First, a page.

The moment you invoke me, I, Padmasambhava, Have no choice but to come to bless you.
Of all the heartfelt devotional prayers used as a support for Dharma practice, the Seven-Line Prayer is the most essential, often repeated many thousands of times by practitioners of Tibetan Buddhism. This concise prayer invokes the blessings of Padmasambhava, also called Guru Rinpoche ("Precious Teacher") and known as the Buddha of our time. Guru Rinpoche brought the Dharma from India to Tibet in the eighth century and is the source of the Tibetan Dzogchen tradition, the Great Perfection teachings that awaken the enlightened nature of one’s own mind.
Although the prayer is short and simple, its different levels of meaning make this commentary a welcome study aid for practitioners. Kyabje Thinley Norbu Rinpoche provides an account of the historical origin of the prayer and the power of its blessings, and comments on its two levels of meaning: one, according to the common Mahayana teachings; the other, according to the uncommon Dzogchen realizations. He repudiates various mistaken interpretations and clarifies a number of important philosophical views and meditation methods. The book also includes the text of the Seven-Line Prayer in English and Tibetan.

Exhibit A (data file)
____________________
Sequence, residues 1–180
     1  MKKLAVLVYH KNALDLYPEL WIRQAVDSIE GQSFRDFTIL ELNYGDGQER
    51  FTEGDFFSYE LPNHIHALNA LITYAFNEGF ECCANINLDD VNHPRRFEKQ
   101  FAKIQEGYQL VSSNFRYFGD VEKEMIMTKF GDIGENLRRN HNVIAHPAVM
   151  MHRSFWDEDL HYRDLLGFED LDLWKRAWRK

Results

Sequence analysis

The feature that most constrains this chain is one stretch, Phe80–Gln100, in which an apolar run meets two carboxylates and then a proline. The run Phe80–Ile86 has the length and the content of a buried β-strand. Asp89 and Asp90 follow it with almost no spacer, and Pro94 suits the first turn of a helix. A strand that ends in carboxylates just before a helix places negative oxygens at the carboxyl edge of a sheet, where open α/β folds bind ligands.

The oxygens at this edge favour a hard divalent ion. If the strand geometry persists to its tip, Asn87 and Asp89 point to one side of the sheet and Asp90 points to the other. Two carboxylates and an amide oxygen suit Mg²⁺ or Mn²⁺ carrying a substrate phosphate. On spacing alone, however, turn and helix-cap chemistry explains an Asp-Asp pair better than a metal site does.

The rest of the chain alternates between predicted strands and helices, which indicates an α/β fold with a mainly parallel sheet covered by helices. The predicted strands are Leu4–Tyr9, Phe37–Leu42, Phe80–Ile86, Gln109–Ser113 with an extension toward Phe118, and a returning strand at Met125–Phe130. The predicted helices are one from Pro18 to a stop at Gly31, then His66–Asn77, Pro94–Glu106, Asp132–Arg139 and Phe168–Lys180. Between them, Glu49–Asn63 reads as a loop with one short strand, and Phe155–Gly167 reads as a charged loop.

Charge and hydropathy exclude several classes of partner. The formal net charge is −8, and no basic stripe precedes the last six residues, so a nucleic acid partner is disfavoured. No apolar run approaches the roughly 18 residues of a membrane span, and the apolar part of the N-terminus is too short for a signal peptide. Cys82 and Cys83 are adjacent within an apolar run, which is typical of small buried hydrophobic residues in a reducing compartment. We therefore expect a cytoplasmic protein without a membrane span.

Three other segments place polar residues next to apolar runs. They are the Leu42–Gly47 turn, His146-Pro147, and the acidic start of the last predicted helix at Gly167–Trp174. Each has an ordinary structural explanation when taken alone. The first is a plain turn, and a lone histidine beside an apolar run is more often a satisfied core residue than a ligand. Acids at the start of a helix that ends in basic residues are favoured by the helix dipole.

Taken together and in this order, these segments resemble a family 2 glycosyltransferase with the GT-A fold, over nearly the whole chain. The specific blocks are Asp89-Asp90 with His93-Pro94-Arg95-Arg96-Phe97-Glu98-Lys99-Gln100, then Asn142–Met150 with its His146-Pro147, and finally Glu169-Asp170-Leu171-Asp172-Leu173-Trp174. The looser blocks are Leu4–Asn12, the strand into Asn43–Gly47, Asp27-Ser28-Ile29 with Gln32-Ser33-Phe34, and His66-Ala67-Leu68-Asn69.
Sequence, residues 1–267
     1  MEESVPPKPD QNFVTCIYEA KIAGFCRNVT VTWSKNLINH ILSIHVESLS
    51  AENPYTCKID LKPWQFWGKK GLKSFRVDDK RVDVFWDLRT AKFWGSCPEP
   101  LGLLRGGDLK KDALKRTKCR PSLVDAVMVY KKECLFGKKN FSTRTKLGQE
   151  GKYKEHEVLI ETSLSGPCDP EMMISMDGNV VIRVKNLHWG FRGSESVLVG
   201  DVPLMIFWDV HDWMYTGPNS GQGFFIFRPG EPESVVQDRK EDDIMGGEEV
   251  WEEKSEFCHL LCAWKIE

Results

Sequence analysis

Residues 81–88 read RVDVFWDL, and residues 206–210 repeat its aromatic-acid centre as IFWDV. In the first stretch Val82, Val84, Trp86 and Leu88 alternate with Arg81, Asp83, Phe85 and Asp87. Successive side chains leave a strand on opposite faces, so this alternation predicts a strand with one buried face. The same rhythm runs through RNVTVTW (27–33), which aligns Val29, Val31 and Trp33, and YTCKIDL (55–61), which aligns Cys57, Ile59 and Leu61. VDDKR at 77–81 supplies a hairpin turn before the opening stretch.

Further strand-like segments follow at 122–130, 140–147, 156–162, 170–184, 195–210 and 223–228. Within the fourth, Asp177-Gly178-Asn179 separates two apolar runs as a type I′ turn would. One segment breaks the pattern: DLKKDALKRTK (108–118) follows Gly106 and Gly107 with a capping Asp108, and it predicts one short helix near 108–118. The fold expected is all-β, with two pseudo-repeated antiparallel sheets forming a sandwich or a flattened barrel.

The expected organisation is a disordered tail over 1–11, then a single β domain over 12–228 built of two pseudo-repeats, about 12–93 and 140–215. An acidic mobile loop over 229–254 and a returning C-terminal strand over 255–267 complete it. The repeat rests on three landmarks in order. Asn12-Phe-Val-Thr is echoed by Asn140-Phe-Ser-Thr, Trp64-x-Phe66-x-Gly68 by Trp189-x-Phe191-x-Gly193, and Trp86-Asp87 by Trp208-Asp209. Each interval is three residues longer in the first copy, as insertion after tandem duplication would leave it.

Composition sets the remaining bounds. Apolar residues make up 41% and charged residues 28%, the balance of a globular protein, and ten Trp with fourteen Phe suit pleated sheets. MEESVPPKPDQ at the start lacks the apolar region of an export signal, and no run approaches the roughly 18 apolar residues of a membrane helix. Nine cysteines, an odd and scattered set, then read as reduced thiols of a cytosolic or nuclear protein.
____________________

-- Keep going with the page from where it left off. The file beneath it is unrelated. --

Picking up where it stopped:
About the author
Kyabje Thinley Norbu Rinpoche (1931–2011) was a celebrated scholar and an eminent adept of the Nyingma tradition of Tibetan Buddhism, with many devoted students in the West as well as Asia. He was revered as an emanation of Longchenpa, a great scholar and siddha of the fourteenth century. Rinpoche’s books include A Cascading Waterfall of Nectar, White Sail, Magic Dance, and The Small Golden Key.
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